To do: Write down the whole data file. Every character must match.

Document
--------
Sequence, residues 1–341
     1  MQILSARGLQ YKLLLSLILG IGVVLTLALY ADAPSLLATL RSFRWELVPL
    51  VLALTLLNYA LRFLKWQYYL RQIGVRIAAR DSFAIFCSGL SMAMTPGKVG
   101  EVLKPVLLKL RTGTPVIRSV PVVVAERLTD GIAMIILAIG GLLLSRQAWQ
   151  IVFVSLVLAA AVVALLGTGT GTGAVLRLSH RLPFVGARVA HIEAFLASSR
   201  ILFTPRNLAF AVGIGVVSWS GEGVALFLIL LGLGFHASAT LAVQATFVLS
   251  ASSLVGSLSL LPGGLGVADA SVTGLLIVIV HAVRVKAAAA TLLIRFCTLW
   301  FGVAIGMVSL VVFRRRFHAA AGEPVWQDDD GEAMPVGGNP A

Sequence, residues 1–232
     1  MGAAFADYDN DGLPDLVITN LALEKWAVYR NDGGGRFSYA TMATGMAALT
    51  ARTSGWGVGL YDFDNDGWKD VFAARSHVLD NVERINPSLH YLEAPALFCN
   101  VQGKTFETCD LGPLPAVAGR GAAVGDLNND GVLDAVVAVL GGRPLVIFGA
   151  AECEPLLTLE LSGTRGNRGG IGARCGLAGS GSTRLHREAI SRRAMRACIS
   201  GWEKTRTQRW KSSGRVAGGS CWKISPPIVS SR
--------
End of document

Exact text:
Sequence, residues 1–341
     1  MQILSARGLQ YKLLLSLILG IGVVLTLALY ADAPSLLATL RSFRWELVPL
    51  VLALTLLNYA LRFLKWQYYL RQIGVRIAAR DSFAIFCSGL SMAMTPGKVG
   101  EVLKPVLLKL RTGTPVIRSV PVVVAERLTD GIAMIILAIG GLLLSRQAWQ
   151  IVFVSLVLAA AVVALLGTGT GTGAVLRLSH RLPFVGARVA HIEAFLASSR
   201  ILFTPRNLAF AVGIGVVSWS GEGVALFLIL LGLGFHASAT LAVQATFVLS
   251  ASSLVGSLSL LPGGLGVADA SVTGLLIVIV HAVRVKAAAA TLLIRFCTLW
   301  FGVAIGMVSL VVFRRRFHAA AGEPVWQDDD GEAMPVGGNP A

Sequence, residues 1–232
     1  MGAAFADYDN DGLPDLVITN LALEKWAVYR NDGGGRFSYA TMATGMAALT
    51  ARTSGWGVGL YDFDNDGWKD VFAARSHVLD NVERINPSLH YLEAPALFCN
   101  VQGKTFETCD LGPLPAVAGR GAAVGDLNND GVLDAVVAVL GGRPLVIFGA
   151  AECEPLLTLE LSGTRGNRGG IGARCGLAGS GSTRLHREAI SRRAMRACIS
   201  GWEKTRTQRW KSSGRVAGGS CWKISPPIVS SR